11 – Once those days are over and the pilgrim wants to leave, he must not leave until he has performed the farewell tawaaf, going around the Ka’bah seven times. Women who are menstruating or bleeding following childbirth d o not have to do this farewell tawaaf.
12 – If the pilgrim is performing a voluntary Hajj on behalf of another person, whether a relative or otherwise, then he has to have done Hajj for himself before that. There is no difference in the way he performs Hajj apart from the intention, i.e., he should form the intention of performing this Hajj on behalf of that person, mentioning him by name in the Talbiyah and saying, “Labbayk ‘an [fulaan] (Here I am on behalf of [So and so]).” Then when he says du’aa’ during the rituals he should pray for himself and for the person on whose behalf he is performing Hajj.
With regard to the types of Hajj, there are three: tamattu’, qiraan and ifraad.
Tamattu’ is when the pilgrim enters ihraam for ‘Umrah during the months of Hajj (which are Shawwaal, Dhu’l-Qa’dah and the first ten days of Dhu’l-Hijjah) and performs ‘Umrah and exits ihraam, then he enters ihraam again for Hajj from Makkah or its environs on the day of al-Tarwiyah (the eighth day of Dhu’l-Hijjah) in the same year as his ‘Umrah.
Qiraan is when the pilgrim enters ihraam for ‘Umrah and Hajj together, and does not exit ihraam until the day of Sacrifice, or he enters ihraam for ‘Umrah then includes Hajj with it before he starts his tawaaf.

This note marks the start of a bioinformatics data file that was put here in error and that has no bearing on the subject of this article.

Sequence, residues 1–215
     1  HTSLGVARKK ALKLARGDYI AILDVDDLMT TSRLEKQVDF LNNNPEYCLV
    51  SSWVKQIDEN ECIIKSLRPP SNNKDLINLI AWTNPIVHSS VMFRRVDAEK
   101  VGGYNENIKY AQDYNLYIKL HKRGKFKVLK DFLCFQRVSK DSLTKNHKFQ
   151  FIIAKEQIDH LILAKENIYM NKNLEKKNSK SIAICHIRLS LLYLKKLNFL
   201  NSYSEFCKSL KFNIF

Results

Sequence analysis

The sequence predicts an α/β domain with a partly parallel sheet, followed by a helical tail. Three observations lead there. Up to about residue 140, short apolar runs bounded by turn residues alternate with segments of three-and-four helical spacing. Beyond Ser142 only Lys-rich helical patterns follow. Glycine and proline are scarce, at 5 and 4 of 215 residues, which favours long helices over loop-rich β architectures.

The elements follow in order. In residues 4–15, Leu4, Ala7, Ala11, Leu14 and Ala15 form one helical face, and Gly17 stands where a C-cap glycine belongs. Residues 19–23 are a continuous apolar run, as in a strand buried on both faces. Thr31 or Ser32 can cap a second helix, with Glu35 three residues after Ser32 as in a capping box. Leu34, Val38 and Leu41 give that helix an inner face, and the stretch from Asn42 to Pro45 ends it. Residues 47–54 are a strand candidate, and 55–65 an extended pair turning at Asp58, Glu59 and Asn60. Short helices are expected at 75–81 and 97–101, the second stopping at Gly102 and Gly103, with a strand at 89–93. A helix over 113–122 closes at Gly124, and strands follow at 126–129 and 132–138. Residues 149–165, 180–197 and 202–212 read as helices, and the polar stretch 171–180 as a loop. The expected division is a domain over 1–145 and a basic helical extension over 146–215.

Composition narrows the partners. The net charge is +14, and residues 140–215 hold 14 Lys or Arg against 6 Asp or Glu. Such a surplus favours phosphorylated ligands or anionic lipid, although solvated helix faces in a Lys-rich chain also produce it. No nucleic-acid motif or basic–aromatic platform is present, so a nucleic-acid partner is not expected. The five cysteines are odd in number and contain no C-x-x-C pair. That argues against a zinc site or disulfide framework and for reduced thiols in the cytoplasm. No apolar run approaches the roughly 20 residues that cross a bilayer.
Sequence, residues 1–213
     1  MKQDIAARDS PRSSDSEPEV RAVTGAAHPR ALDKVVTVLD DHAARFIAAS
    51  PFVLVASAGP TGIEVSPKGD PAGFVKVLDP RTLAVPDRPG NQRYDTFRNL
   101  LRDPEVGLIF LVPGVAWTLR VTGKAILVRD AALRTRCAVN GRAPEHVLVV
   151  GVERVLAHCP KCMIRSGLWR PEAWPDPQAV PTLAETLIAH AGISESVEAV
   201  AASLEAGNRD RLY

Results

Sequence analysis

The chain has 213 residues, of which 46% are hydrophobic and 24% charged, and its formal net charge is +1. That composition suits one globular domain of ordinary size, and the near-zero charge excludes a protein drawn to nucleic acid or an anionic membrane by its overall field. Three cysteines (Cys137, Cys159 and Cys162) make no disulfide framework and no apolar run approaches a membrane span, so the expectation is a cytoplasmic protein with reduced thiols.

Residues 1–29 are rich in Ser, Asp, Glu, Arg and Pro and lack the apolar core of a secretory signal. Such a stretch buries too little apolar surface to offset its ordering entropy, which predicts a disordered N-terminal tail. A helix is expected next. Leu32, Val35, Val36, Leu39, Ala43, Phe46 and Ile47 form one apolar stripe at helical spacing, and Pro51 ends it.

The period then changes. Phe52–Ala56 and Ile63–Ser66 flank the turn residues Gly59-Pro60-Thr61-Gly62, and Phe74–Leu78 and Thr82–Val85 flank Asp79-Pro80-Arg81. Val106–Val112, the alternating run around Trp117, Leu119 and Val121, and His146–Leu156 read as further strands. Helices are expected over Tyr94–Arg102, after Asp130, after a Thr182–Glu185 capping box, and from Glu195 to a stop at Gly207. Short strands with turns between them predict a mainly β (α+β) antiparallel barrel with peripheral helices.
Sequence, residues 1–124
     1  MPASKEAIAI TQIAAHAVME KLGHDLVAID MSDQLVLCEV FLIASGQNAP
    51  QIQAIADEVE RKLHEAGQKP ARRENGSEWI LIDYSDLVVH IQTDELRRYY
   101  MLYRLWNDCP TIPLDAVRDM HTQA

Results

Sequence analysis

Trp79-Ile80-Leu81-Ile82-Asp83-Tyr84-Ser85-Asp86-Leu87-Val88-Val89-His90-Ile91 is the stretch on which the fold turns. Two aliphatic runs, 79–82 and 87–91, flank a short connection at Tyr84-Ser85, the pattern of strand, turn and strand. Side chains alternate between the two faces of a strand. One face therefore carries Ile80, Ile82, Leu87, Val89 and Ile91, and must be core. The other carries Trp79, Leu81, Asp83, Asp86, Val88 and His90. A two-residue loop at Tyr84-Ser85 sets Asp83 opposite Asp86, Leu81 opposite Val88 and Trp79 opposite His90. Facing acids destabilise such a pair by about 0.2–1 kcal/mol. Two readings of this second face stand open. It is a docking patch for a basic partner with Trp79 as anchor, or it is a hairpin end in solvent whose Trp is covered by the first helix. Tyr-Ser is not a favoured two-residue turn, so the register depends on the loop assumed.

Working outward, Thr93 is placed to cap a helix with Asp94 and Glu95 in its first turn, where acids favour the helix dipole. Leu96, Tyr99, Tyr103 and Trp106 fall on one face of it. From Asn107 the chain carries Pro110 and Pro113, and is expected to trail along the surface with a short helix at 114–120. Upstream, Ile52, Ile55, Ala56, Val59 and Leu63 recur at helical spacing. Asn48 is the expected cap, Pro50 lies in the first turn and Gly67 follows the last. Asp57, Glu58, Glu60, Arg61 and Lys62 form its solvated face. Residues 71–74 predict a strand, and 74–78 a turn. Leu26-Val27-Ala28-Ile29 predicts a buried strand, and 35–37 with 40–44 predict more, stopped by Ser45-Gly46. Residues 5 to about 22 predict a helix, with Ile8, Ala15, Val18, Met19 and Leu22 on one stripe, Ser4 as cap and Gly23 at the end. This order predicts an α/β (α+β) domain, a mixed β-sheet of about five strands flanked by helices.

Ifraad is when the pilgrim enters ihraam for Hajj from the meeqaat or from Makkah if he resides there or in a place that is closer than the meeqaat, and remains in ihraam until the Day of Sacrifice if he has a hadiy with him. If he does not have a hadiy with him, it is prescribed for him to cancel his Hajj and make it ‘Umrah, so he should perform tawaaf and saa’i, then cut his hair and exit ihraam, as the Prophet (peace and blessings of Allaah be upon him) told those who entered ihraam for Hajj but did not have a hadiy with them to do. This applies to the pilgrim doing qiraan, if he does not have a hadiy with him; it is prescribed for him to cancel his qiraan and make it ‘Umrah, for the reason mentioned.
The best kind of Hajj is tamattu’ for the one who has not brought a hadiy with him, because the Prophet (peace and blessings of Allaah be upon him) told his companions to do that and insisted that they should do that.
We advise you to learn more about the rulings on Hajj and ‘Umrah by referring to Manaasik al-Hajj wa’l-‘Umrah by Shaykh Ibn ‘Uthaymeen (may Allaah have mercy on him), which you can obtain through the Shaykh’s website on the internet.
And Allaah knows best.